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First Person: Digging For Victory In The Philippines

Some farming techniques can have a devastating and negative effect on the environment, as farmers seek to harvest the maximum amount of produce from their land, but the efforts of a Filipino chef and activist are demonstrating that, with the right approach, agriculture can help to regenerate land, offer protection from the effects of climate change and extreme weather, and improve livelihoods.

Louise Mabulo has been recognized as a prodigy of the culinary world since the age of 12, when she appeared on the Filipino version of the TV show Junior Masterchef. Since then, she has won several awards for her cooking, and has become a world-renowned social activist.

Ms. Mabulo, a 2019 UN Environment Programme (UNEP) Young Champion of the Earth, is the founder of The Cacao Project, which works to improve the livelihoods of Filipino farmers in the Bicol Region, by reviving barren lands through tree planting, creating economic forests and nurseries, and promoting fair trade and reforestation.

“As a chef, I am frequently in contact with farmers. These discussions gave me a good insight into the problems with the food system in the Philippines: where there are gaps, and where there is over-supply.

This prompted me to start farm-to-table dinners, using only local ingredients. When Bicol region was hit hard by a typhoon, I began a relief effort for farmers, but I realised that this could only have a superficial effect on their lives, so I oriented my career towards agriculture.

IOM The Philippines is prone to frequent typhoons (file).

A vulnerable region

The Philippines is one of the countries that is most severely affected by climate change: since September of last year, we have been struck by three typhoons and, in Bicol, where I’m from, 400 homes were destroyed.

Whilst Bicol is a lush and green region, far from urban centres, there is still a lot of degradation. When typhoons destroy crops and farms, people with no other option will do what they can to create income, including cutting down trees.

The Cacao Project’s goal is to ensure that farmers don’t have to resort to these kinds of measures, and to provide them with the resources they need for sustainable success, even in the face of extreme weather events.

For example, we explain that leaves shaken from trees from storms create a lot of mulch, which providers great compost. Using trees for mulch is more restorative and sustainable than removing the trees, and it improves the soil. The methods we teach them are helping them to save money, and improve their harvests.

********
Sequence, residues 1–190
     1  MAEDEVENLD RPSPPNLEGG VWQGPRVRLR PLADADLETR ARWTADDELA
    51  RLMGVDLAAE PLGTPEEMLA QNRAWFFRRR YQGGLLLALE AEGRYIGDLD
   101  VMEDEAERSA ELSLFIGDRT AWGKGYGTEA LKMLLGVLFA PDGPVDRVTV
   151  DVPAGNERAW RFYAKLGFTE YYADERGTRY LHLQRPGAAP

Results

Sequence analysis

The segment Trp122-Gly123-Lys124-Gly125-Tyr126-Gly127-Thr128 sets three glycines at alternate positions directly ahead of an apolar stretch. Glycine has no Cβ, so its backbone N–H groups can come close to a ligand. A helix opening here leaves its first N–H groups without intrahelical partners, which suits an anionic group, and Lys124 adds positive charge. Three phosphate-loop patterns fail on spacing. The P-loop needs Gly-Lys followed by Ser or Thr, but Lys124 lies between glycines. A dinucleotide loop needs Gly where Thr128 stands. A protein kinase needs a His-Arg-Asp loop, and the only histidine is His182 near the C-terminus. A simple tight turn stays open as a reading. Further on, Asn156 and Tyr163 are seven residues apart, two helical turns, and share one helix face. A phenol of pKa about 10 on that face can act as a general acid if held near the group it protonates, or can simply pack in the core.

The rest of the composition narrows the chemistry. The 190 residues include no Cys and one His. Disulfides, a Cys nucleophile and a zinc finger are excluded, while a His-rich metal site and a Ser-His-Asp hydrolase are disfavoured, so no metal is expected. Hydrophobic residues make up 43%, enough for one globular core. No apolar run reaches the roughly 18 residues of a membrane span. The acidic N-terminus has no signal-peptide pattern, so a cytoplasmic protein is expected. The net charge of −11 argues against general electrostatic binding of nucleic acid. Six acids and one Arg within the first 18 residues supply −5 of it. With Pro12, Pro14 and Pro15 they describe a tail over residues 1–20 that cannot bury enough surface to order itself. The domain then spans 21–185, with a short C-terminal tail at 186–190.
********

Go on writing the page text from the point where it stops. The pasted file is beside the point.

UNEP Farmers working with The Cacao Project, founded by 2019 Champion of the Earth Louise Mabulo (left), learn sustainable techniques to help them cope with climate change.

Proud to be farmers

Our approach is completely in line with the UN’s recommended approach to farming: more nature-friendly, more supportive of biodiversity, limiting the use of pesticides and herbicides, and cultivating a wider range of indigenous crops.

Before the project began, a small range of crops were being cultivated: mainly corn, coconut and rice. Once we started working with the farmers, they began to introduce more crops that are well suited to the local conditions, such as bell peppers, okra and, of course, cacao.

Many of the farmers involved in The Cacao Project have seen significant improvements to their lives. They’re learning modern techniques, and have been able to put their children through school. Women are being empowered: we have women trainers and supervisors, and the quality of their work is being recognized.

Younger people are also becoming more interested in farming, which has not been valued as a profession in the past: it was associated with poverty and failure. Today they’re turning their backyards into gardens, and even planting trees in land they’ve inherited from their parents. They’re proud to be farmers, which they see as being part of the solution to climate change.

UNEP Farmers working with The Cacao Project, founded by 2019 Champion of the Earth Louise Mabulo, learn sustainable techniques to help them cope with climate change.

Food and biodiversity

  • Biodiversity is crucial to human and planetary health; the earth’s natural systems regulate the environment, and maintain a habitableplanet. However, the global food system has been harming the environment over the past 50 years, and biodiversity is declining faster than at any time in human history.
  • Protecting biodiversity is part of the UN’s 2030 Agenda for Sustainable Development. Sustainable Development Goal 15 calls for the reversal of land degradation, and a halt to biodiversity loss.
  • On Wednesday 3 February, UNEP, Chatham House and Compassion in World Farming launched, in partnership, a new Chatham House report, “Food System Impacts on Biodiversity Loss”.
  • The report calls for farming to take place in a more nature-friendly, biodiversity-supporting way, limiting the use of inputs and replacing monoculture with polyculture farming practices.
  • Louise Mabuto took part in a panel discussion as part of the launch, in which she explained how The Cacao Project is helping farmers to maintain and restore local ecosystems, and adapt to the effects of climate change.

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